AUGUSTA — The city might convert methane gas produced by decomposing waste at Hatch Hill landfill into electricity.

Under a proposal discussed as part of an update on energy efficiency upgrades done and under consideration for the future at city and school buildings, city officials said Thursday they are looking into building a turbine at Hatch Hill to convert methane gas, which already is being captured there to prevent it from escaping into the atmosphere, into electricity to help offset the city’s electricity bill.

The gas now is captured and burned off by a pipeline collection system and a large industrial flare at Hatch Hill. The equipment was installed in 2011 as part of a $2.7 million project meant to help protect the environment by preventing gas from the landfill from escaping into the air.

Robert LaBreck, facilities and systems manager for the city, said it would take a major investment but “is a great application if we can make it work.”

He said the landfill probably could generate 300 to 400 kilowatts a year.

The Augusta Civic Center uses about 1 million kilowatts a year, according to Ralph St. Pierre, finance director and assistant city manager.


St. Pierre said what would make the idea viable would be regulations that allow entities generating renewable energy to use the power they generate indirectly to power their other buildings. He said simply producing the electricity and sending it back to the electrical grid to sell it would get the city only the wholesale rate for electricity, or about 3 cents per kilowatt hour. However, regulations allow entities using renewable energy to sell the power they produce back into the electrical grid and receive a credit for the full retail price of 7 to 9 cents per kilowatt hour, which it can use to offset its electrical bills for other buildings.

Having a turbine at Hatch Hill would require three-phase power there. LaBreck said he’s already had discussions with Central Maine Power Co. about installing three-phase power at the landfill.

St. Pierre said having three-phase power at Hatch Hill also would be helpful for other uses there, including possibly installing a compactor there to crush recyclables so more can be hauled off in one truckload.

LaBreck said more meetings are planned on the proposal for next week.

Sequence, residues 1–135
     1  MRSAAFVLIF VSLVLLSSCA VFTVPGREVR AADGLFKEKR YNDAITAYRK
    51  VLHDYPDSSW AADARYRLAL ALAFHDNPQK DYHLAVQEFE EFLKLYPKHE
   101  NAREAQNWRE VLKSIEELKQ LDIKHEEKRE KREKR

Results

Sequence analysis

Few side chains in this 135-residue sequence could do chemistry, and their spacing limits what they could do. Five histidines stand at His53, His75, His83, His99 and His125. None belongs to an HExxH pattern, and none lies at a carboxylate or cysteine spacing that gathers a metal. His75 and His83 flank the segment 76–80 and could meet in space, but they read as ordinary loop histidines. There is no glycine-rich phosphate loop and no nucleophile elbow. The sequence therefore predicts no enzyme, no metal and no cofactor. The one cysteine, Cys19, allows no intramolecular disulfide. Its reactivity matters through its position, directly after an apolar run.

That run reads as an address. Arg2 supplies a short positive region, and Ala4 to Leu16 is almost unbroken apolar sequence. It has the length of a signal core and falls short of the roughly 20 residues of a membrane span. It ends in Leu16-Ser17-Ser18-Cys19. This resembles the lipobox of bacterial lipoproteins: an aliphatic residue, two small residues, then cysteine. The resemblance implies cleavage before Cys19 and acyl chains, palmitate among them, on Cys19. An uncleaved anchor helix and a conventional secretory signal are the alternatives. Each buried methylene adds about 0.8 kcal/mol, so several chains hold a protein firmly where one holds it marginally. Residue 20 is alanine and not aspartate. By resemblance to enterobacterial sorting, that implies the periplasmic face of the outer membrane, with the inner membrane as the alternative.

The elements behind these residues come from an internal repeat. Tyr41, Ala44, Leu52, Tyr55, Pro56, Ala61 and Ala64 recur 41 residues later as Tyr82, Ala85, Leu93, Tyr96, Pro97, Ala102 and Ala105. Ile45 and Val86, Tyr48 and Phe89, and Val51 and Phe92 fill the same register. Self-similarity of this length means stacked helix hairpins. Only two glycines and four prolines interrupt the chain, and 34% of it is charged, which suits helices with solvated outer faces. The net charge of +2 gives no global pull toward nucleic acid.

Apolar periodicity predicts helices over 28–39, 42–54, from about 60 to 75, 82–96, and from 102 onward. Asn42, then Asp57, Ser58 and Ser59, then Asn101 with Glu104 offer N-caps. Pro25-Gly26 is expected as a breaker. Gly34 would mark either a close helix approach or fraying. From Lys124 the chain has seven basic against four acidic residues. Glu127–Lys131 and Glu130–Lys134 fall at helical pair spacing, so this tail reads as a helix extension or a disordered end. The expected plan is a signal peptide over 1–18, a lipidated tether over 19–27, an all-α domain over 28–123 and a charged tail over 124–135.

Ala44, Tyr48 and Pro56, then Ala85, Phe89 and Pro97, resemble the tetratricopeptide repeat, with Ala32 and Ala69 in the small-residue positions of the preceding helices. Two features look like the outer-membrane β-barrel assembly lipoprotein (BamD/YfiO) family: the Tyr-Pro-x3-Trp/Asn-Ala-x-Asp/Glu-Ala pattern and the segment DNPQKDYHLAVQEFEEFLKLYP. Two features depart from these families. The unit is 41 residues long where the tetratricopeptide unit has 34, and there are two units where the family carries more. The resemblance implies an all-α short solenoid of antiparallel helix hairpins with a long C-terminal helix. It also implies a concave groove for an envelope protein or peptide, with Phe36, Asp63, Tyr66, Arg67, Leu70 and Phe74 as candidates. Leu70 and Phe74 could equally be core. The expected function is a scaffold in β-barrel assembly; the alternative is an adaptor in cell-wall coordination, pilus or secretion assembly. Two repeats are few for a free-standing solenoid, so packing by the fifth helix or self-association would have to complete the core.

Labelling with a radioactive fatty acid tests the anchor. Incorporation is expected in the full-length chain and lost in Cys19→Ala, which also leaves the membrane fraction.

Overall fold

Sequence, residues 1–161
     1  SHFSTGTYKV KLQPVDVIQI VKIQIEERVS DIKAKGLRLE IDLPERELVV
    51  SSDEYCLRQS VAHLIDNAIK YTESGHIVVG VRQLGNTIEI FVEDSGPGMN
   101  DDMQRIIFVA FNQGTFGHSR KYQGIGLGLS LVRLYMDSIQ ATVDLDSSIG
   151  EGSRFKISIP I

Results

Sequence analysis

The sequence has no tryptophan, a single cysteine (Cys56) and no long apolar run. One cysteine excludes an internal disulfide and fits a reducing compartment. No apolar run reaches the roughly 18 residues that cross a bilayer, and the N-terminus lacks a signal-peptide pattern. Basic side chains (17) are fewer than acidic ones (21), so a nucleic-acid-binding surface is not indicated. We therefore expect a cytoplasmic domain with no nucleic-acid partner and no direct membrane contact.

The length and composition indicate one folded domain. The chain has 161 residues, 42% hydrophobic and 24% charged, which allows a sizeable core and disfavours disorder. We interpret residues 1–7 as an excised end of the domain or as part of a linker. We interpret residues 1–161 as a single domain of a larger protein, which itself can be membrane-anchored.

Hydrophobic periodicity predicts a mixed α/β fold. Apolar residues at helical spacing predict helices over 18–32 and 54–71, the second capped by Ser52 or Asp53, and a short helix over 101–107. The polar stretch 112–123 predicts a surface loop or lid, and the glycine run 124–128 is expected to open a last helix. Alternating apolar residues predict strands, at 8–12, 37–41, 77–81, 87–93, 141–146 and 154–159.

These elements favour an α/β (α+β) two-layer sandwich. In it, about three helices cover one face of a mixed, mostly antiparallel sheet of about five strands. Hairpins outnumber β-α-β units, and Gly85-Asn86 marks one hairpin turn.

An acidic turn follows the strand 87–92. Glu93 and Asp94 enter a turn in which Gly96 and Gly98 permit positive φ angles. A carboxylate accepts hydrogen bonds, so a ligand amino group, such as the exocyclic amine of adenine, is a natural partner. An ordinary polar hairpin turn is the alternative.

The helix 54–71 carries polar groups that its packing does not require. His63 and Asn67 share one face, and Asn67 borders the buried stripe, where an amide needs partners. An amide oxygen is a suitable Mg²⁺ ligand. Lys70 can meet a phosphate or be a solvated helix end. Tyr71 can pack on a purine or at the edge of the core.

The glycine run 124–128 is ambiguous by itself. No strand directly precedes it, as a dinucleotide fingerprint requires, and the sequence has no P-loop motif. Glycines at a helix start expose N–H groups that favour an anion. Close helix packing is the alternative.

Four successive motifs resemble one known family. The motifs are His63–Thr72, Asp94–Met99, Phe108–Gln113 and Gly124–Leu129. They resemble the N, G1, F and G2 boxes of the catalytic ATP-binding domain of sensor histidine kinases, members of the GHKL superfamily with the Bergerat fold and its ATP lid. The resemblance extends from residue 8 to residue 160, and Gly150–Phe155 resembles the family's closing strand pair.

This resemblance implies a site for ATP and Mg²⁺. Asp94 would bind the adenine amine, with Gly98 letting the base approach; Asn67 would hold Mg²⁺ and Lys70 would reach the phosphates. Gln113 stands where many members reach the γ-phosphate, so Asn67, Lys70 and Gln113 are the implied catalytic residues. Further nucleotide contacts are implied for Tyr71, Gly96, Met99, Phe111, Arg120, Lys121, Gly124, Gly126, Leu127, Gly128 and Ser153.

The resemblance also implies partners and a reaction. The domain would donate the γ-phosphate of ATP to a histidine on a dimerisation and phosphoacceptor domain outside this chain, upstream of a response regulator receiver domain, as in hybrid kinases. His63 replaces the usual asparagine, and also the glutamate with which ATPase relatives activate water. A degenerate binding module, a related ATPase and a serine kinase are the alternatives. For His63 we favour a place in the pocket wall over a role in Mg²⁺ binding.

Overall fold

St. Pierre said a 2012 proposal from a Texas-based firm to convert trash at Hatch Hill into diesel fuel now doesn’t seem likely to happen.

“It isn’t dead, but it is slowly falling off our radar,” he said.


Other potential future projects in the city, according to LaBreck, could include installing solar voltaic panels at Augusta City Center, replacing lighting citywide with more efficient LED lighting, and additional conversions of oil boiler heating systems to natural gas.

Officials previously looked at installing solar voltaic panels at City Center, but the numbers didn’t work financially. However, they said the cost of the panels has decreased over the last couple of years.

The city has made several energy-efficiency upgrades to city and school buildings over the last five years or so, which city staff members summarized at Thursday’s City Council meeting. The upgrades have included the installation of solar panels, such as those at the Augusta Civic Center and Hartford Fire Station; the installation of a microturbine at Augusta City Center, which both generates electricity and helps heat the building; and conversions of all school and most city buildings to natural gas.

St. Pierre said that over the last five years, almost every city facility has had some type of energy-related upgrade.

“This is exciting stuff,” LaBreck said of the ongoing work. “We, as a city, are cutting-edge. We’re doing a tremendous amount of it.”

St. Pierre said the city lease-purchased the equipment to make the upgrades, and the lease payments are being more than covered by savings generated by the upgrades. He said the payback for each project is less than 15 years.


Total investments in the projects so far has been $3.7 million, with $2.5 million for municipal facility projects and $1.1 million for school facility projects.

“Everything is brand new, and it pays for itself,” St. Pierre said. “And you reduce your carbon footprint while you’re at it.”

“They all had positive cash flow, so there is no impact to the tax rate,” he added.

Councilors praised the city staff for its involvement in the work.

Keith Edwards — 621-5647

[email protected]

Twitter: @kedwardskj

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